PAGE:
I have written about this elsewhere on my blog but the REC does not depart from historic, Anglican practice or thought with this statement. It does depart from Anglo-Catholicism, though, but Anglo-Catholicism parts ways with historic Anglicanism in many ways. The view maintained in the REC Declaration of Principles is that of the bene esse of the episcopacy, meaning it is good, ancient, and desirable but not necessary for the Church. This view allows the REC to recognize the orders of non-episcopally ordained ministers. Their old service books had a rite for the reception of presbyters into the REC. Historically, Anglican churches have required their ministers to be ordained by bishops and usually do not receive other ministers without episcopal ordination.

This Church, retaining a liturgy which shall not be imperative or repressive of freedom in prayer, accepts The Book of Common Prayer, as it was revised, proposed, and recommended for use by the General Convention of the Protestant Episcopal Church, A.D. 1785, reserving full liberty to alter, abridge, enlarge, and amend the same, as may seem most conducive to the edification of the people, "provided that the substance of the faith be kept entire."

Here, it appears the REC is opposing rigidity in liturgical worship, meaning the exclusion of extemporaneous prayers. This reflects the nature of party strife in the Anglican Church at the time. However, part of the successive Acts of Uniformity and Supremacy do require use of authorized liturgy in the Book of Common Prayer. However, most modern Anglican service books allow a fair amount of extemporaneous prayers.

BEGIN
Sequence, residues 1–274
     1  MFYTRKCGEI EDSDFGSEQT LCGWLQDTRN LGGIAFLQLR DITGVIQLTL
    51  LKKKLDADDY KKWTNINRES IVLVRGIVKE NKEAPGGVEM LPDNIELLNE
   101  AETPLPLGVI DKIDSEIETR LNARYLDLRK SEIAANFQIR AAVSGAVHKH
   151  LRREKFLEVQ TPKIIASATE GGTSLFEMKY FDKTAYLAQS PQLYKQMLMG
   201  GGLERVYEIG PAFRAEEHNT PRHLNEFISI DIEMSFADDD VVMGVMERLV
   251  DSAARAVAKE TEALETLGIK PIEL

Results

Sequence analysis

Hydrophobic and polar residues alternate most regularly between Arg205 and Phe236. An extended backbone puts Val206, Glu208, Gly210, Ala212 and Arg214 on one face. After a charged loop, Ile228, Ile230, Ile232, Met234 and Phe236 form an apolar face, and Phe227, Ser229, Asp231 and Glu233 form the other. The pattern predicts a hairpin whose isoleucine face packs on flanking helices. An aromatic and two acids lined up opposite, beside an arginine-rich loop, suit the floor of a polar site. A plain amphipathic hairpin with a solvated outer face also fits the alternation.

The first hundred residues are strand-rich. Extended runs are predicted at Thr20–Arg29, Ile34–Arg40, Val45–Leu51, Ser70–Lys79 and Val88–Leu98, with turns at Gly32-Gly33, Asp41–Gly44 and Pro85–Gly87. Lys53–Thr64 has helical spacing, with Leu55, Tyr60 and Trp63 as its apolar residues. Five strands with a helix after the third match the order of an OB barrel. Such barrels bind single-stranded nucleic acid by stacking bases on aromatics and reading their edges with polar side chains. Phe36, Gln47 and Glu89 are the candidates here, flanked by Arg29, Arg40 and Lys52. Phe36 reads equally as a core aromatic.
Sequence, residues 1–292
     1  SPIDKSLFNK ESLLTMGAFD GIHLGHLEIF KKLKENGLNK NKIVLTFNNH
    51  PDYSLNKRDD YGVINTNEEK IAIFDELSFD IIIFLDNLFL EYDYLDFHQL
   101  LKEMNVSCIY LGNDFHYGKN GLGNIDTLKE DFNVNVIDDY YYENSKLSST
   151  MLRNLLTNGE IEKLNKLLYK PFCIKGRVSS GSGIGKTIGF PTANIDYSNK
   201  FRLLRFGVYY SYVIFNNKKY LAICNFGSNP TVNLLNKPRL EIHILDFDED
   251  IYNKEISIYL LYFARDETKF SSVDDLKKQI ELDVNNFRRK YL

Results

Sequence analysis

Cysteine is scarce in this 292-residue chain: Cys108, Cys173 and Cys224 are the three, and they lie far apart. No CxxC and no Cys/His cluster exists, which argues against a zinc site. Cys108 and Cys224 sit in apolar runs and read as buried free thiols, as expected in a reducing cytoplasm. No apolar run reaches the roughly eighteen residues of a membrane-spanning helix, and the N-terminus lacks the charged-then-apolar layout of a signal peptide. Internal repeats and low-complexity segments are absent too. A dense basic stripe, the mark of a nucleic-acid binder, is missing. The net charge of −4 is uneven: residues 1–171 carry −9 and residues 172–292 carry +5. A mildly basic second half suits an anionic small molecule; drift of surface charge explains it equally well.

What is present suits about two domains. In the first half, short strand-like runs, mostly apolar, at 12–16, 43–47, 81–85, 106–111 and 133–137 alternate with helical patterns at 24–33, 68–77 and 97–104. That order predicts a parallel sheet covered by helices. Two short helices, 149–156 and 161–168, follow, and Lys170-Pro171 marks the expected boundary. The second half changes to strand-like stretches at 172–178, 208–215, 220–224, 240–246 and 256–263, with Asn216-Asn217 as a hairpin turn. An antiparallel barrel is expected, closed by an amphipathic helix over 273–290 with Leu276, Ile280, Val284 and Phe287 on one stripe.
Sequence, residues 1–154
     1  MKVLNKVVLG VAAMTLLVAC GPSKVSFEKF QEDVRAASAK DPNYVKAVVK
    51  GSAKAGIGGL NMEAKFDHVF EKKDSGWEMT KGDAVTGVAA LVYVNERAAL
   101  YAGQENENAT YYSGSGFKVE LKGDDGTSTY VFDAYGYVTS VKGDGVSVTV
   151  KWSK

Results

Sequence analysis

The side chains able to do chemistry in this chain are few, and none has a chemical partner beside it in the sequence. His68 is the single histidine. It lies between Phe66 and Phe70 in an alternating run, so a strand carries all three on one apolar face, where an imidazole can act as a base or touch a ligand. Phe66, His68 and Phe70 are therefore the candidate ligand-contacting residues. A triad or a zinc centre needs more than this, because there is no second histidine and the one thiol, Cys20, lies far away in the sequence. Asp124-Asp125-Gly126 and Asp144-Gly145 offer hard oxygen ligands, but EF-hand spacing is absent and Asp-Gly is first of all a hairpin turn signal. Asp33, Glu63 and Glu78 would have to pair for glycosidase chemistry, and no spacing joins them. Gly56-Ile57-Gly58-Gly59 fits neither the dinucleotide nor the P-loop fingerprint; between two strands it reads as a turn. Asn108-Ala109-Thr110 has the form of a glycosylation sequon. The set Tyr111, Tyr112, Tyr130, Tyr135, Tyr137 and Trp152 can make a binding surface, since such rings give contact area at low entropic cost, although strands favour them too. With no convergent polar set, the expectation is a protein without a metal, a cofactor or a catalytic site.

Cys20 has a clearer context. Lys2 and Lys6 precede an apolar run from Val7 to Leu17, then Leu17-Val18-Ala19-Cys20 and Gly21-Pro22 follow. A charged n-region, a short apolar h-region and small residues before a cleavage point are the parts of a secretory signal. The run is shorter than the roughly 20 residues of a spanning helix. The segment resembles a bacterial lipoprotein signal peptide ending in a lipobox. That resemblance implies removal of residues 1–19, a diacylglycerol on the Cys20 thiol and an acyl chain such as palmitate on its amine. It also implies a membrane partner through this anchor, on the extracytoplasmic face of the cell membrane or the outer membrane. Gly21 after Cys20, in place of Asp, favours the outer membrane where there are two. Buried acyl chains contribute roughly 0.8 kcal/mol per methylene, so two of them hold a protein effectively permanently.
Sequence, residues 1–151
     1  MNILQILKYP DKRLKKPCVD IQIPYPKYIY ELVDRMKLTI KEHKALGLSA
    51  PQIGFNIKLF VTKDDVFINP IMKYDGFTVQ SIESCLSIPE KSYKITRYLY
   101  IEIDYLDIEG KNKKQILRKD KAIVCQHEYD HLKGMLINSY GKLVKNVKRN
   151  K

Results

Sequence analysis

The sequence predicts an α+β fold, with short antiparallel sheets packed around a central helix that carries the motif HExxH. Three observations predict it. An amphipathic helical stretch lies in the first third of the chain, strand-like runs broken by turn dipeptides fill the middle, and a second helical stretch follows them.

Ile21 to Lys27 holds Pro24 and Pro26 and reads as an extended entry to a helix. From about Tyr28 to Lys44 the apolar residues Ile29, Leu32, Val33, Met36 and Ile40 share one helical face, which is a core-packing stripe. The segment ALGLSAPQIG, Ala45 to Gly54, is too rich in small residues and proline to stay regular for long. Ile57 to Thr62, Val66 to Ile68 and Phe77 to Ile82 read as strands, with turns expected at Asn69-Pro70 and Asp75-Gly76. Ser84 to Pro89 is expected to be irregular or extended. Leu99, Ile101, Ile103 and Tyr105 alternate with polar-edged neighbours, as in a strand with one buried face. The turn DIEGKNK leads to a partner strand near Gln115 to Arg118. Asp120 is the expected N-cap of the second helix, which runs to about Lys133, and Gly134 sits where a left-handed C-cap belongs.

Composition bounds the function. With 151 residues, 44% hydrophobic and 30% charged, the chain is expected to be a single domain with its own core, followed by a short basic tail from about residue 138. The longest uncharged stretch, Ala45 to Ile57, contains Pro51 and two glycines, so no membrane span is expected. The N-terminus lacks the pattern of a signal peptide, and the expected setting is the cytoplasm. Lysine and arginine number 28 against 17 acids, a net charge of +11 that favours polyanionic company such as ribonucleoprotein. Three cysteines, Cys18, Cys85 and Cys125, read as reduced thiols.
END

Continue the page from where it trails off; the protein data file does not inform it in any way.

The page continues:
A note about the 1786 Proposed Book of Common Prayer for the PECUSA, it is revealing that the REC chose this as a model for their BCP. The 1786 BCP was modeled on the 1689 Liturgy of Comprehension and is notable for excluding the Creed from Holy Communion and the canticles from the Offices. The 1786 showed the influence of the 1662 in its Communion office, though, and did not have the Scottish prayer of consecration in it. This shows the early latitudinarian spirit in the REC.

This Church condemns and rejects the following erroneous and strange doctrines as contrary to God's Word:
First, that the Church of Christ exists only in one order or form of ecclesiastical polity:
Second, that Christian Ministers are "priests" in another sense than that in which all believers are a "royal priesthood:"
Third, that the Lord's Table is an altar on which the oblation of the Body and Blood of Christ is offered anew to the Father:
Fourth, that the Presence of Christ in the Lord's Supper is a presence in the elements of Bread and Wine:
Fifth, that regeneration is inseparably connected with Baptism."

Even though this paragraph presents multiple points, I am going to address it as a whole because there are some common themes in the remonstrances listed above. The first assertion reiterates the point above about the episcopacy and also is intended to show the REC’s willingness to recognize the validity of other Protestant ministers, an important issue to Cummins and other early leaders of the REC. The second and third points are correlated even though they address different aspects of the same issue. The denial is that the Christian priesthood is sacerdotal, meaning that the priest offers a propitiatory sacrifice in Holy Communion. This was a smack in the face to Anglo-Catholicism, which affirms, contrary to historical Anglican thought, that the priest does offer a propitiatory sacrifice at the “Mass.” This theology is denied in the third point above. These beliefs are reflected in intentional changes to the REC liturgy. In their Prayer Book the word “priest” is replaced by the word “presbyter,” and like the 1662, the word “altar’ is not used to refer to the Lord’s Table. The fourth point reflects the common Evangelical concern with the wording in the Baptismal service in the 1662 BCP. While we can debate till kingdom comes about the exact meaning of the text, it have some apparent strong language about regeneration, which has caused High/Low debate in Anglican history since the publication of the 1662 BCP.